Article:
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Alzheimer's Disease and Adult Day Care

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    Once the area centers have been located, call the centers and ask them to mail you information about the center's application process, eligibility requirements, sample menus, and activity calendars.

    Once you have received the information, consider:

    • How long the center has been in operation.
    • Who owns or sponsors the center.
    • Hours of operation.
    • Days of operation.
    • Whether they offer transportation to and from the center.

    Once you have looked over the information, the next step is to schedule a tour of the center for both yourself and the person you are caring for. Observations and questions that can be made or asked include:

    • Is the staff friendly?
    • What is the daily cost?
    • Will insurance cover any services?
    • Ask to see sample menus over a period of several weeks.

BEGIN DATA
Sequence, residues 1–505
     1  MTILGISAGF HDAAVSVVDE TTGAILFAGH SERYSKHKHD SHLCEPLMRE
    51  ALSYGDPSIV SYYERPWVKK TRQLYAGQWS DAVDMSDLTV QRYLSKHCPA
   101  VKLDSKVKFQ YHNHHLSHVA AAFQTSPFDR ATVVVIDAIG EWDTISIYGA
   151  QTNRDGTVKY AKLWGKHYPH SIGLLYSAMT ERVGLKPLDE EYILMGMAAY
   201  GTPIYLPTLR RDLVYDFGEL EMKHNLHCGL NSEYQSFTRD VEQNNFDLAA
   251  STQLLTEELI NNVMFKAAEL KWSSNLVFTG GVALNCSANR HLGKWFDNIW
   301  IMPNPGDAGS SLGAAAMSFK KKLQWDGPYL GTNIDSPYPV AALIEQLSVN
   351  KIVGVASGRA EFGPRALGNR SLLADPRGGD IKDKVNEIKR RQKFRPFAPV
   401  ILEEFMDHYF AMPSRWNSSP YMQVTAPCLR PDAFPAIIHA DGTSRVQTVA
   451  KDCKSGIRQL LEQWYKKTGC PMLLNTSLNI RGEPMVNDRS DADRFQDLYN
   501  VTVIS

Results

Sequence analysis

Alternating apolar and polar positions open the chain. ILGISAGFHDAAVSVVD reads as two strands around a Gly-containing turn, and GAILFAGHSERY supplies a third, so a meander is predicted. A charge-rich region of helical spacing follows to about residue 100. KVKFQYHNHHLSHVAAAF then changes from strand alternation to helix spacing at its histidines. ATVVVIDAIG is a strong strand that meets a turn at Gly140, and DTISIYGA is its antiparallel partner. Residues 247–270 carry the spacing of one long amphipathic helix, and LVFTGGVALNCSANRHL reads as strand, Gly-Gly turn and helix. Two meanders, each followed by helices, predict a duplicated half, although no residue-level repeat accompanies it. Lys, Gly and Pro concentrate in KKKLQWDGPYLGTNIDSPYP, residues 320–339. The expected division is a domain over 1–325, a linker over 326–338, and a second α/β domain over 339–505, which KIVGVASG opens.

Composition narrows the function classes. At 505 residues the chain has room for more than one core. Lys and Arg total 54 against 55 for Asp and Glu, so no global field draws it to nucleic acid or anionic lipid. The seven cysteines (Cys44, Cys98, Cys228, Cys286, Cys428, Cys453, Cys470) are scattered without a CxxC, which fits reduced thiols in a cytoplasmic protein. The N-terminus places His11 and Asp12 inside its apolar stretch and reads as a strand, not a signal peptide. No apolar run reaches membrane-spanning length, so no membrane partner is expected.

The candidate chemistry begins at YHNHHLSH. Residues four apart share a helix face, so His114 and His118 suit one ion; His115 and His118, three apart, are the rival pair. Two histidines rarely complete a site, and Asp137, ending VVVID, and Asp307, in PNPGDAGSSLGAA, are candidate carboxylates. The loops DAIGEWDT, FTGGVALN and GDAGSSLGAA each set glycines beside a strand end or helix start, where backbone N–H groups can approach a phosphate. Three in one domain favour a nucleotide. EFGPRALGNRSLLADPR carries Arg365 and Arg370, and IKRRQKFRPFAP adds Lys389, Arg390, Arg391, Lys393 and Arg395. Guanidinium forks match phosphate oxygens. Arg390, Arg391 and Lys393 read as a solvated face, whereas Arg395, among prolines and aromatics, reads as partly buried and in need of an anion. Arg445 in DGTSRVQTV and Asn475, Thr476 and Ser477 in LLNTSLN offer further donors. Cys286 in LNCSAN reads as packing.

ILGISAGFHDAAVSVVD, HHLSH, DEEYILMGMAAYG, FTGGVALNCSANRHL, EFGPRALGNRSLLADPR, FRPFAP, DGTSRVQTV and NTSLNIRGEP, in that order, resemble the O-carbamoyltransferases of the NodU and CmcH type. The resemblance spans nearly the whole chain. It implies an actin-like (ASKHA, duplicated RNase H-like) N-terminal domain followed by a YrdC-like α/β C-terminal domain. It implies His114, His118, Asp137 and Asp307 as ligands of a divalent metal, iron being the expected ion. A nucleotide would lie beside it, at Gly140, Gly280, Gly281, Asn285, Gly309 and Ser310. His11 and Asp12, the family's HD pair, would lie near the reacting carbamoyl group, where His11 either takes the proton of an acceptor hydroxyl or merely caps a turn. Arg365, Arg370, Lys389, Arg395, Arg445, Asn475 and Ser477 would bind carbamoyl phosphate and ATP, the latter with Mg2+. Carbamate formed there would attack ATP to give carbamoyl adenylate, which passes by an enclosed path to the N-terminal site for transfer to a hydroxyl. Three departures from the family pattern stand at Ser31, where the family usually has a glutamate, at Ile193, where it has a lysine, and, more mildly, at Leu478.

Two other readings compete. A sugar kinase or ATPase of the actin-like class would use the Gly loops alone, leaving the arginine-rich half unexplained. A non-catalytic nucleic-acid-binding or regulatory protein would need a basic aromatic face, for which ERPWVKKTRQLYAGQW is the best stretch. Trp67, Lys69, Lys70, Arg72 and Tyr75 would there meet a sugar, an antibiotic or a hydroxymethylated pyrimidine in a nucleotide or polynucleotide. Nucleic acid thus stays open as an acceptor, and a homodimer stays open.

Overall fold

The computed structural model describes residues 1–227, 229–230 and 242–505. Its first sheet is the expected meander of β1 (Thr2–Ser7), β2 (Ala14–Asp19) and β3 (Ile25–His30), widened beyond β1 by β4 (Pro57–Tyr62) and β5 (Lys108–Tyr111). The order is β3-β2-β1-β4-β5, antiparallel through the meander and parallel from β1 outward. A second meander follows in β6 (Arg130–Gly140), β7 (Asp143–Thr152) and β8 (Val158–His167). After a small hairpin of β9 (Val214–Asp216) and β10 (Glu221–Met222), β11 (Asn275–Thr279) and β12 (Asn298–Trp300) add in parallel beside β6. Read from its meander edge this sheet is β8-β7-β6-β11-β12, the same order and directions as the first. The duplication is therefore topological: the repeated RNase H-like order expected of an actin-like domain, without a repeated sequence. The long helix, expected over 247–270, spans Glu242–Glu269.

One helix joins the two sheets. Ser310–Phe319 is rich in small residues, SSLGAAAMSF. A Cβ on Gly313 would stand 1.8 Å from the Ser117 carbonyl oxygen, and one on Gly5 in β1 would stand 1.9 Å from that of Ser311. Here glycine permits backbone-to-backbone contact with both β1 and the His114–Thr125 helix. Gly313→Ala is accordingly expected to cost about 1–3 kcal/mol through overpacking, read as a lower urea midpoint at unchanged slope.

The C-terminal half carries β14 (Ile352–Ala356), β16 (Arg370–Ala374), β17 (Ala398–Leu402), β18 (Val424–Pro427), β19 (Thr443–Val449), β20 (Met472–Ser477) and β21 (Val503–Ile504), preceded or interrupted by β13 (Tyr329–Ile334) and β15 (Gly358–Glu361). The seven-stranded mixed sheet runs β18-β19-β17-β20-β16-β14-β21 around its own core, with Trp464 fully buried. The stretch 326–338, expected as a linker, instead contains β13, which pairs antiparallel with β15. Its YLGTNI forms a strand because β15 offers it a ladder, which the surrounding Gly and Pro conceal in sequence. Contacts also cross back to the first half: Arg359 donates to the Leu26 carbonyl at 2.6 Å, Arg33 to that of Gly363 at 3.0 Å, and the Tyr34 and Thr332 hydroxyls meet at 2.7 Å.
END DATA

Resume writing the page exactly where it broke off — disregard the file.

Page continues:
• Is the center clean and free of odor?
    • What is expected of the caregiver?
    • Is there a place to isolate sick persons?
    • What are the credentials of the staff?
    • Is the facility wheelchair accessible?
    • Do volunteers help out?
    • What is the staff-to-client ratio? (Six clients per staff member is a good ratio).
    • May you have a list of references?

    Most states require licenses for adult day-care centers and some even require certification. To find licensed and certified centers in your area and to learn more about adult day care, visit the eldercare.gov web site.

    The cost of adult day care varies from facility to facility. Centers funded by corporations or religious organizations can also be relatively inexpensive. If medical services such as physical or speech therapy are provided, Medicare, Medicaid, or veterans' benefits may cover part of the costs.

     

    WebMD Medical Reference

    Reviewed by David T. Derrer, MD on February 23, 2014
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